photo by Flickr user Nicola
When I travel from New York to Florida, there is always a moment when I have to readjust. Often, this moment comes when I walk into a restaurant and order coffee.
In Miami or Fort Lauderdale, I am usually asked whether I want “American coffee.” This distinguishes the relatively thin stuff we further dilute with milk, cream or sugar from the strong, Cuban-style espresso that the person taking my order probably grew up drinking. In New York, coffee is just coffee. If I want an espresso drink, I have to make a point to ask for it.
This isn’t surprising if you look at a map developed by Colin Woodard, a reporter at the Portland (Maine) Press Herald. On Woodard’s map, the southern third of Florida isn’t part of America at all, but rather “part of the Spanish Caribbean.”
This is, of course, an oversimplification. Then again, any attempt to sort America along rigid geographical boundaries will be similarly oversimplified.
We are a very complex country, and what surprises me is not so much what makes us different, but rather what brings us together across those differences. We live under the same Constitution. We accept, if often grudgingly, the rulings of a single Supreme Court. We watch the same sports and many of the same TV shows, and despite our differences, we choose to get our news mainly from a small number of outlets that tend to approach the world from one of a relatively small number of vantage points.
I can assure you that the Florida cities of Naples and Marco Island are not part of the Spanish Caribbean - though it may be a different story a few miles away, where the housekeepers and gardeners who serve those cities’ gated communities live. Farther north, in the “Deep South” city of Kissimmee, you can find a large Puerto Rican population that has almost nothing in common with the population of Ocala, another Deep South city, just 90 miles northwest.
Out in California, residents of Los Angeles County’s Little Saigon are probably surprised to learn that they are part of “El Norte.” Politically, Los Angeles seems to have more in common with Seattle than with El Paso, Woodard’s map notwithstanding.
Indianapolis residents have greater cultural sympathies with Minneapolis or Milwaukee than with the Greater Appalachian communities that they can reach by driving a few dozen miles past the metropolitan area’s boundaries. College towns like Missoula, Mont., and Charlottesville, Va., are often political and cultural islands squarely in the middle of Woodard’s “nations.”
For that matter, it’s hard for me to see how generations-old Italian enclaves in New York City’s Staten Island or Bay Ridge are necessarily more welcoming of outsiders (a defining characteristic of “New Netherland”) than are the populations of South Florida, or Los Angeles, or Houston, all of which have absorbed major waves of immigrants. Not to mention places like Hawaii and Puerto Rico, which don’t appear on Woodard’s map of the United States at all.
The fact that we are a multilingual society is more complicated, too, than relegating Spanish-speakers to the bottom third of Florida and “El Norte.” The pursuit of “Manifest Destiny” made us multilingual long ago, as we acquired huge swathes of formerly Spanish-ruled areas. When we get around to dealing with our national Spanish heritage, our views toward immigration will be easier to resolve. In the meantime, it makes sense to accept the fact that Spanish influence is not geographically restricted to one or two areas of the United States.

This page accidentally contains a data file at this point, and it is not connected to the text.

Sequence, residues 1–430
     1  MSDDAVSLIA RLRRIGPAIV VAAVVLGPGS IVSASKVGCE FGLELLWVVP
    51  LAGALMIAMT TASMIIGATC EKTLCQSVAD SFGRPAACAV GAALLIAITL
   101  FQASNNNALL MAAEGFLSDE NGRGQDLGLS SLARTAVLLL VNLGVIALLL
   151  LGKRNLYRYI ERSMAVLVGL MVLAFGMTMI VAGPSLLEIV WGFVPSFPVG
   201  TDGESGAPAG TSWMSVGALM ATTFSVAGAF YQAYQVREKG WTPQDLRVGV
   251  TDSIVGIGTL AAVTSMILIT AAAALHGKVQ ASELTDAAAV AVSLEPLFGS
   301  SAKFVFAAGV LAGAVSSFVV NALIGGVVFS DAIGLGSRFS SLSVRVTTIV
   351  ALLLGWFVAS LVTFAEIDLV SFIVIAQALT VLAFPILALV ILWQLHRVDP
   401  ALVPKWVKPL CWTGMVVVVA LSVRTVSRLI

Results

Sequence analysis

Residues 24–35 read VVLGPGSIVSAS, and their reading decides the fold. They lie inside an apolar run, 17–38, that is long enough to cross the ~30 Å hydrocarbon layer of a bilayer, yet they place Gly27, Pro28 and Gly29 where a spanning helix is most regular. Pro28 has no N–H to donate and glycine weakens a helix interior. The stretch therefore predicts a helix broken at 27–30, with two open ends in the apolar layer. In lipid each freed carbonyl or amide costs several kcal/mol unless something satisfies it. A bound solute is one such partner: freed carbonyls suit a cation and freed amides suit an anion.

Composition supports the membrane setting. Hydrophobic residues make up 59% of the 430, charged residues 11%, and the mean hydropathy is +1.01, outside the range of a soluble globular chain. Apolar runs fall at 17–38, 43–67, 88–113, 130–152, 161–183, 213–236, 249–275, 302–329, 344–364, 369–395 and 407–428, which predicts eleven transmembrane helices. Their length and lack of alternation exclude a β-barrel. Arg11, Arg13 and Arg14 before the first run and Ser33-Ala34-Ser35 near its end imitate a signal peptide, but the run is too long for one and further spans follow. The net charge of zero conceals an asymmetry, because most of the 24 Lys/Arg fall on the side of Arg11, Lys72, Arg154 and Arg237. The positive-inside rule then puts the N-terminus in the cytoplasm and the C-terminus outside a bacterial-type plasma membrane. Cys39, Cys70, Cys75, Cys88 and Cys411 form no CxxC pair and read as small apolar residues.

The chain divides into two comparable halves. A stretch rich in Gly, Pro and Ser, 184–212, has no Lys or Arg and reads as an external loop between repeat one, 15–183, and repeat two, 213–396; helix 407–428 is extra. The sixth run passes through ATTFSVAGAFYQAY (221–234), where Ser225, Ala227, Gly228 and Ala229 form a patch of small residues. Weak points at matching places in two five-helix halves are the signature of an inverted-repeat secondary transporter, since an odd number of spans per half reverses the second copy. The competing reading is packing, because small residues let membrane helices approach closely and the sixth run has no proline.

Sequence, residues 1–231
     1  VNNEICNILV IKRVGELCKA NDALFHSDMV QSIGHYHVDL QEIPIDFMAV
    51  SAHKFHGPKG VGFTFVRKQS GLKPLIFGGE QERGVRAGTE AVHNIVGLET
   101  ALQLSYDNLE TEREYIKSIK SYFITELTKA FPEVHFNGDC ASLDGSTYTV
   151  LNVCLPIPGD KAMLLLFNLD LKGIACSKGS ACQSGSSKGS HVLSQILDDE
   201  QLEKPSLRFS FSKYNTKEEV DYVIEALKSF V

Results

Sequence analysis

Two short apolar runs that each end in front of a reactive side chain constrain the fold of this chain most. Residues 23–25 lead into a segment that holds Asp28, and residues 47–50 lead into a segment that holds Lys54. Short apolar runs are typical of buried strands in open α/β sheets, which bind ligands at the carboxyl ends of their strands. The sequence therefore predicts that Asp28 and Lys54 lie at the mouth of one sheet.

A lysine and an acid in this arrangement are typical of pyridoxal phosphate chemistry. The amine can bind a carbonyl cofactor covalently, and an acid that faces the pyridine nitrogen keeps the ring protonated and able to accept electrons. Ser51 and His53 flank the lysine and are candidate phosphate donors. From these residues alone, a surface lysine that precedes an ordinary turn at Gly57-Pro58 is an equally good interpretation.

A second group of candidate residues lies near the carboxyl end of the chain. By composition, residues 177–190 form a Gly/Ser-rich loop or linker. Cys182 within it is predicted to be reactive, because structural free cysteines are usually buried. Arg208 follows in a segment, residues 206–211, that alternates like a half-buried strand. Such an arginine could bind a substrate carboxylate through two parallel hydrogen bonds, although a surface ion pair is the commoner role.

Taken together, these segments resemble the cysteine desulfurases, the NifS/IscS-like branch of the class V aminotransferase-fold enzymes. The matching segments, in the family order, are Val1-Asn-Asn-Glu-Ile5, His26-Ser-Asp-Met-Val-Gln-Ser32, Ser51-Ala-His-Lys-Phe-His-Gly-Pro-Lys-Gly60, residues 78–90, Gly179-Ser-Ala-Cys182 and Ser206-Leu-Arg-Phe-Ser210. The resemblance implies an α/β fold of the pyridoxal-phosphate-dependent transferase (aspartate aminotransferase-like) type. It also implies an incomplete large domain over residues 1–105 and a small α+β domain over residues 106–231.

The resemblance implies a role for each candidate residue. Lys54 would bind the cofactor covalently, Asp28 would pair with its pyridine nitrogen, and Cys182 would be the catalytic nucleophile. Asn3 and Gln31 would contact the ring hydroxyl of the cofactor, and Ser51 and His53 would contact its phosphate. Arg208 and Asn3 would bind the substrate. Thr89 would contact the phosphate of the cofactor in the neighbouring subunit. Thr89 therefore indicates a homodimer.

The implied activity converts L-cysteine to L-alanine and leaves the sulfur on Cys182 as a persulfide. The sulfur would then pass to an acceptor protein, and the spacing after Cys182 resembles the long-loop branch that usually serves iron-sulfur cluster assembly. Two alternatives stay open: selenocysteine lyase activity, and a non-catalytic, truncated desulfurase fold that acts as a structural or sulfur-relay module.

Yet I have no quarrel with Woodard’s overarching conclusion, which is that we have significant differences in culture and outlook across our country. Sometimes, however, these differences are more about what it is acceptable to say in a given region than about a consensus of thought. In Westchester County, N.Y., just north of New York City, you stand out if you admit to having a firearm in your home. (Or if someone else admits it for you.) In Cherokee County, Ga., just north of Atlanta, you stand out if you admit to not having one.
Woodard’s original point was that the differences between American regions are deep-seated and longstanding, and that understanding them is essential when trying to evaluate the national debate on issues such as gun control. Regional differences contribute to these debates at least as much as political ideology. A quick Internet search will yield maps of the U.S. divided by dialect, personality, economic growth potential and community type, to name only a few. Woodard himself cites several previous attempts at a regional understanding of the country.
What is remarkable to me is how freely we allow “immigration” and “naturalization” across the cultural nations that Woodard describes. As a 16-year-old boy from the Bronx, I was able to move to Montana and was readily accepted there. I made friends across the 500-mile-wide state, and those friends still recognize me in restaurants when I bump into them 35 years later. In Palm Coast, Fla., it seems that every other person you meet comes from New York or New Jersey, while the other half of the population may have never ventured farther north than Georgia. Everyone still gets along fine.
The United States has always been a place where you can pack up, move and invent yourself anew. Our birthplaces are not our destiny. We define our homes, not the other way around. Some of us work to shape the places where we live into better expressions of our values. Some move to places that better reflect their personal dispositions. Others live comfortably in many regions over the course of a lifetime or, like me, split their time between regions.
I like being asked whether I want “American coffee.” It reminds me I have a choice. In reality, however, all those choices are “American” coffee. Just like coffee, America comes in many flavors.